Though the U.S. Energy Information Administration recently reported that coal stockpiles as of February were at their lowest point in more than a decade, several analysts said the decreased levels are unlikely to cause a significant uptick in demand or domestic thermal coal pricing.
The administration reported May 17 that U.S. coal stockpiles fell to 98.7 million tons in February, with domestic coal-fired power plants having 90 days of burn on average at the time.
Benjamin Nelson, Moody's lead coal analyst, told S&P Global Market Intelligence that the decline in stockpiles makes sense given the shrinking domestic utility demand for coal. While low stockpiles could yield a slight benefit to producers, "you haven't seen the type of price movements that would indicate a shortage," he said.
"All else being equal, absent a weather effect or a logistics effect, each year should be a record low because there's fewer and fewer coal plants operating," Nelson said. "If your inventories are truly low to the point that they're constraining operations for customers, that should drive up pricing in a significant degree. We've seen some price escalation over time in the coal industry, but we haven't seen big spikes."
B. Riley FBR analyst Lucas Pipes said some estimates suggest the days of burn are in the mid-60s, while a year ago estimates were probably closer to the mid-70s. If the average power plant has two months or so of supply on the ground, "that's not exactly crisis levels," he said.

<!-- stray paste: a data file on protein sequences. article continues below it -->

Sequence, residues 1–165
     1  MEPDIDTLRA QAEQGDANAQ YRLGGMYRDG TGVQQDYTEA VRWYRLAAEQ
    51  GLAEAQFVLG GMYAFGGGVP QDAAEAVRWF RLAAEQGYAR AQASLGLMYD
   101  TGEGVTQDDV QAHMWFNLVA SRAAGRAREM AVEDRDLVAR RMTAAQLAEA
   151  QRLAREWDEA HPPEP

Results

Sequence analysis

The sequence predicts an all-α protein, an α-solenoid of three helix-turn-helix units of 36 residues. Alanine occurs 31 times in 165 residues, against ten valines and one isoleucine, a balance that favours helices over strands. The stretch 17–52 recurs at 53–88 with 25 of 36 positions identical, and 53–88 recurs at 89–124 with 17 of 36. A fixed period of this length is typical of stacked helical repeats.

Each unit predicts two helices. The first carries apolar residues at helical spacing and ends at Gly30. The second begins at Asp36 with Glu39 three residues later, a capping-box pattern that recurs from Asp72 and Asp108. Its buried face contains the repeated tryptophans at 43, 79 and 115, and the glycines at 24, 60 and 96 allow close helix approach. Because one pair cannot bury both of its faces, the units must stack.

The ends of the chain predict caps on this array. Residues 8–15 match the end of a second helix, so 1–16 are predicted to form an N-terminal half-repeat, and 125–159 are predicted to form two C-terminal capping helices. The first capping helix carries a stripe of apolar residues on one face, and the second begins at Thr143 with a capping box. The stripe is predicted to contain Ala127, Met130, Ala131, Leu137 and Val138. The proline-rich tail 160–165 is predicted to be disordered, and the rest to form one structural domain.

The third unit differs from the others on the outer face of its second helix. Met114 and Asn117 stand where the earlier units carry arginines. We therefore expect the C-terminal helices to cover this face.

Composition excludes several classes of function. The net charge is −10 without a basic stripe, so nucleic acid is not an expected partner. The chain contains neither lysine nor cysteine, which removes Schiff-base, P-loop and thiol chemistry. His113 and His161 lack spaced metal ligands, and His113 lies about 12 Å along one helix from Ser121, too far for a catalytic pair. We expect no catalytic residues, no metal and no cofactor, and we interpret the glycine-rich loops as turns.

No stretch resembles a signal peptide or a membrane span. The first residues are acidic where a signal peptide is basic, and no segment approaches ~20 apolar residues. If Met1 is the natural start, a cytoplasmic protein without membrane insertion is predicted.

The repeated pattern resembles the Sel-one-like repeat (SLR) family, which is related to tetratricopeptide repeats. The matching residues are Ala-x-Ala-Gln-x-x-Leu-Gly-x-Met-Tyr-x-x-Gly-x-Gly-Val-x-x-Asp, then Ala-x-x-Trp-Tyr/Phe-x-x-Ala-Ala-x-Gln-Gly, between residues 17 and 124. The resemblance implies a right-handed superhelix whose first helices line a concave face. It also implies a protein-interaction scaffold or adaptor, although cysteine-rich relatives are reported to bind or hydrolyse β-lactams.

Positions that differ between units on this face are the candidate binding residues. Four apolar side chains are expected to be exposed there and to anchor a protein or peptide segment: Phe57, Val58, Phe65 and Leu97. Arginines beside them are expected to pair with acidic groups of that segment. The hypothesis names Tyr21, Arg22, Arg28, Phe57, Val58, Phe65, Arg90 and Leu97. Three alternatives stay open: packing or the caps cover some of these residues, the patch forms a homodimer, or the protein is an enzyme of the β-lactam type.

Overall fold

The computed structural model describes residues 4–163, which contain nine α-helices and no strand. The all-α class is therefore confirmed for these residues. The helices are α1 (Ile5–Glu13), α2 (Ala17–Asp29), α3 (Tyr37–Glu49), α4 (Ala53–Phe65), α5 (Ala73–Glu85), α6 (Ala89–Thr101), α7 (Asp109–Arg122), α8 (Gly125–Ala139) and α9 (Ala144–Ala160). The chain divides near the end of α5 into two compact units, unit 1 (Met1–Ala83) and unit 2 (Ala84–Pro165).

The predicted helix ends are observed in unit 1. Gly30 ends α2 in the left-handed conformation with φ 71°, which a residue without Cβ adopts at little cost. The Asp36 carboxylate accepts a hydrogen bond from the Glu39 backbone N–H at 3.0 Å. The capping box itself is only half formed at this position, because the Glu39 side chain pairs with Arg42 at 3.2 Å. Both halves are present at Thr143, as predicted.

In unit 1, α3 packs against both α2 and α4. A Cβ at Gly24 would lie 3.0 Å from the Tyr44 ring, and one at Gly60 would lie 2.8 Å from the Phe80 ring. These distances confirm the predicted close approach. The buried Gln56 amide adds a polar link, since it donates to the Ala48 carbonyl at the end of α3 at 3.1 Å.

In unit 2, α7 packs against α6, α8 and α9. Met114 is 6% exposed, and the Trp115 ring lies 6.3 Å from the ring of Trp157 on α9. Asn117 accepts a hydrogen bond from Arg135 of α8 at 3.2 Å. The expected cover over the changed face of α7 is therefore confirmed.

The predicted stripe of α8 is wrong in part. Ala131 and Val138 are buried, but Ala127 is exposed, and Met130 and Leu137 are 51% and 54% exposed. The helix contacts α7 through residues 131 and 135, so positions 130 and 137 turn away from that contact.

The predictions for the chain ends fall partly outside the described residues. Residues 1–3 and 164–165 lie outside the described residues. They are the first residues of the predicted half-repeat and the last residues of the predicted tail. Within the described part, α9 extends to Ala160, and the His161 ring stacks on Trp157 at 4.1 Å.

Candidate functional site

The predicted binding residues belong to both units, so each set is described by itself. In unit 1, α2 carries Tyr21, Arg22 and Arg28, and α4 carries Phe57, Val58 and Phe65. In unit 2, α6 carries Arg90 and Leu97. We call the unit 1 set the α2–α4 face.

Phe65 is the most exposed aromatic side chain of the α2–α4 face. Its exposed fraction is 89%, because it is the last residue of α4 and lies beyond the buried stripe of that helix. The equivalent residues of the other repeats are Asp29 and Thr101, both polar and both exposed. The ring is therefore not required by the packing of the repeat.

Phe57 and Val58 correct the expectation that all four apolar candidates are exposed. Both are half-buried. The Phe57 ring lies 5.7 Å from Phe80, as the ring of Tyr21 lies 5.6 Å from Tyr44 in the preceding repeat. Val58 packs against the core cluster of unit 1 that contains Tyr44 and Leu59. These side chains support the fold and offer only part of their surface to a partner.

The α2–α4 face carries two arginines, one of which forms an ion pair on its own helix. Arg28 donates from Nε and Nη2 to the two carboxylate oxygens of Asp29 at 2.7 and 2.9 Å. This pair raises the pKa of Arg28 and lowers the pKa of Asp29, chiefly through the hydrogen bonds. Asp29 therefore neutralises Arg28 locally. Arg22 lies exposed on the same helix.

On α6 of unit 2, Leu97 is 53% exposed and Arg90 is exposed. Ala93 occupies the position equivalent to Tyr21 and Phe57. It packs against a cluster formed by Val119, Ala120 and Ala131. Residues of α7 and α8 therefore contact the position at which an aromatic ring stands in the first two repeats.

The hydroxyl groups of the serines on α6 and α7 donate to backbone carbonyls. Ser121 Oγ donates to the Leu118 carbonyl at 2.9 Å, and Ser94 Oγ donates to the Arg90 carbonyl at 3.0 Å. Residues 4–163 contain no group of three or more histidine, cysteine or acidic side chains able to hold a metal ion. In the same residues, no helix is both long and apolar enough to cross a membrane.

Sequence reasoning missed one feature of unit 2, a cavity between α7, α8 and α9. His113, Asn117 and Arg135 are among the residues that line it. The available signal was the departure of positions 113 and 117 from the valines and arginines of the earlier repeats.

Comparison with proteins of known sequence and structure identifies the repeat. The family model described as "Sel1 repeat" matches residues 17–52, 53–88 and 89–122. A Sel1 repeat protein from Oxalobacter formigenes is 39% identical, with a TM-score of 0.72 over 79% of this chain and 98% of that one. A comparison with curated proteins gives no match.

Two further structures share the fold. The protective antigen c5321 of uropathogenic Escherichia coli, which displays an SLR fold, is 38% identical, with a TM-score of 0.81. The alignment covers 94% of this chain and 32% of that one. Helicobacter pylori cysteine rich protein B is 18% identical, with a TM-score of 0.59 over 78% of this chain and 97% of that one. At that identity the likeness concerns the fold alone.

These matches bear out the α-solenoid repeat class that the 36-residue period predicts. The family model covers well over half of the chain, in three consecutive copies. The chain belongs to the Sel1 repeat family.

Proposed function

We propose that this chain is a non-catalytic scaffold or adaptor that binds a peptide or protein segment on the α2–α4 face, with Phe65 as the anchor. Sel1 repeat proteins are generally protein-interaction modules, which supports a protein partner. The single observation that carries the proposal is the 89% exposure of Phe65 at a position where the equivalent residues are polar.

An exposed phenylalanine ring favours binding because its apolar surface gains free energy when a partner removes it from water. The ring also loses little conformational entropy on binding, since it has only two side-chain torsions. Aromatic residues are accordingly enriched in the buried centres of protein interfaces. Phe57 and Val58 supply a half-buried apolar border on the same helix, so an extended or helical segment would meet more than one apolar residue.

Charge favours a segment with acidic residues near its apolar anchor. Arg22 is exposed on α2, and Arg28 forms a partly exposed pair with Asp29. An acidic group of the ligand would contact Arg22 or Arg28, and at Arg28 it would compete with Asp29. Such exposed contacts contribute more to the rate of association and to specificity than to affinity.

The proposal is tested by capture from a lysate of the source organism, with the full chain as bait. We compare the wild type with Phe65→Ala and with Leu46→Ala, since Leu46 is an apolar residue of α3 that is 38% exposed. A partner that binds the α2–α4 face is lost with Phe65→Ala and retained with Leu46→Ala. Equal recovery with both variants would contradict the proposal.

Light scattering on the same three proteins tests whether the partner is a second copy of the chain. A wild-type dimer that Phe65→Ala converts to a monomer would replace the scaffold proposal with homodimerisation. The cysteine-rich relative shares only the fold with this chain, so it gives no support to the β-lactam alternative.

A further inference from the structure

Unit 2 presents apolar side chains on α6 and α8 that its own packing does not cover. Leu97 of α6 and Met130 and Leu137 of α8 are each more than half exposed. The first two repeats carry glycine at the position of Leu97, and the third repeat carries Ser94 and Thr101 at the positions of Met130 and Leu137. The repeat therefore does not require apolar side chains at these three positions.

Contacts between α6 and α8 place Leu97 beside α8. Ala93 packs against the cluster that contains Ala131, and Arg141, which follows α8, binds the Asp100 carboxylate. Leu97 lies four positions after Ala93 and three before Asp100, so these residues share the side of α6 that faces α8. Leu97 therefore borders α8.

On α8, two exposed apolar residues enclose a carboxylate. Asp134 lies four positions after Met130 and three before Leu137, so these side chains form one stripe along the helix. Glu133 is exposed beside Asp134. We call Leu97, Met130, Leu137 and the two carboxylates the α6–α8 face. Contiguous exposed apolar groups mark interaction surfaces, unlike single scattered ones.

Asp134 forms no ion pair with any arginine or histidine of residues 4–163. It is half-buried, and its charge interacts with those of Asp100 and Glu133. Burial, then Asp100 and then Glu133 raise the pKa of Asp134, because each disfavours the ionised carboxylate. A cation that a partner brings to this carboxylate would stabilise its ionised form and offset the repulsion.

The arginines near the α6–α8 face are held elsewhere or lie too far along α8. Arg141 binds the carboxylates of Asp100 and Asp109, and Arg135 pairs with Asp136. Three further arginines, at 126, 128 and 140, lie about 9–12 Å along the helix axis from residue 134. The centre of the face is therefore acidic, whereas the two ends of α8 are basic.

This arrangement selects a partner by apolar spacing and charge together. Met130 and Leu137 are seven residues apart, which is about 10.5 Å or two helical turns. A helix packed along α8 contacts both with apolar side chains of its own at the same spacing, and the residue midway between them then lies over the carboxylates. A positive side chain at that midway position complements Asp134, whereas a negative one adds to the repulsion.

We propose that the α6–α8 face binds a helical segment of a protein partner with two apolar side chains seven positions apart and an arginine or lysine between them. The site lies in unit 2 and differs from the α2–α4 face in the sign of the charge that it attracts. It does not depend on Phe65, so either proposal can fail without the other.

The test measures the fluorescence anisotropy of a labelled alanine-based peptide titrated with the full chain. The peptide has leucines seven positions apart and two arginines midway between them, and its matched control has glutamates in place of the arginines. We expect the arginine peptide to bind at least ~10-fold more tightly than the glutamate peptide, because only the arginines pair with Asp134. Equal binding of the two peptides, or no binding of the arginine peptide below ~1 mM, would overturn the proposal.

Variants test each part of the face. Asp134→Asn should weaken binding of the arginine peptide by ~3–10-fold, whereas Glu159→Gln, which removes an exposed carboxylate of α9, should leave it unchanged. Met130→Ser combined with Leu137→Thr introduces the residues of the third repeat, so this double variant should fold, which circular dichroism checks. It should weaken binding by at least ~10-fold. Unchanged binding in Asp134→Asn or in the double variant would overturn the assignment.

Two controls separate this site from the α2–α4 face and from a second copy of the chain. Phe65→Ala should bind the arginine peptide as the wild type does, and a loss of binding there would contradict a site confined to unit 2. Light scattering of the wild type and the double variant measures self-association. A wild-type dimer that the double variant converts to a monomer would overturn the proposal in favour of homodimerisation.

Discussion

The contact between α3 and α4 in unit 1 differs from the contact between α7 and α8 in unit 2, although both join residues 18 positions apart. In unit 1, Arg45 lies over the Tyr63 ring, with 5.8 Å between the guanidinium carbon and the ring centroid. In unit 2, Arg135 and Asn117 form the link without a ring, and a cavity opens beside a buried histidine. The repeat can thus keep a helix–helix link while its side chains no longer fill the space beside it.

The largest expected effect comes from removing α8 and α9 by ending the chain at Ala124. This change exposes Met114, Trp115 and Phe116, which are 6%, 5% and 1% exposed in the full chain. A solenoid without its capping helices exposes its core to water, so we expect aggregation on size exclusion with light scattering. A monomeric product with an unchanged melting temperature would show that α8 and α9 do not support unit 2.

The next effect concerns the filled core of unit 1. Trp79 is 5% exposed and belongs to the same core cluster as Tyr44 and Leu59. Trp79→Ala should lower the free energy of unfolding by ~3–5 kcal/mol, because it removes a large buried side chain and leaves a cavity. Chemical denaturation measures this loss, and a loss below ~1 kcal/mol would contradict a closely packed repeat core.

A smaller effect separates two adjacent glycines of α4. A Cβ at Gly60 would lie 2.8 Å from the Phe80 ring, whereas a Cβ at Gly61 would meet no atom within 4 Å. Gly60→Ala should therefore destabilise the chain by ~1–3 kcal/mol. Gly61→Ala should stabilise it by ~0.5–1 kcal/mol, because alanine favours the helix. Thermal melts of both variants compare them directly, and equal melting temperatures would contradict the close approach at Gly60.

Lower stockpiles are a "silver lining," he said, and look "fairly normal" in proportion to the level of U.S. coal burn.
"In the aggregate, stockpiles have come a long way from incredibly high levels two, three years ago and they are more healthy now," Pipes said, "but I wouldn't say that they are down to a level where they provide an incremental benefit to demand."
Gregory Marmon, a senior research analyst at Wood Mackenzie, said that based on his company's calculations, power plants had 46 days of burn in February and about 63 days of burn currently, both of which are still "in the acceptable range."
"We don't particularly see that being overly problematic just with the price of natural gas and then the coal-fired generation demand," Marmon said. "We actually expect a slight recovery to around 60 days of burn over the summer before it declines again … by the end of the year. While there are 10-year lows, just with the lower capacity factors expected in units and the retirements of about a third of the fleet, we do think they are within the needed average days of burn."
The impact of low stockpiles is unlikely to offset the impact of low API2 pricing, the benchmark that tracks the price of thermal coal sold into Europe, should it continue over the next several months, Nelson said. While Moody's does not think exports will decline too much from 2018 to 2019 and 2020, the export market has had significant swings that "far surpass the impact of the supply and demand dynamics domestically."
There has not been a major supply response to the low export pricing because much of the seaborne thermal coal is contracted and there is relatively modest spot market exposure, Pipes said. But many producers have open positions starting in the fourth quarter, which could be affected if prices remain low over the next several months.
"If during the third quarter prices don't recover," he said, "then you'll probably see a sharper impact to fourth-quarter exports."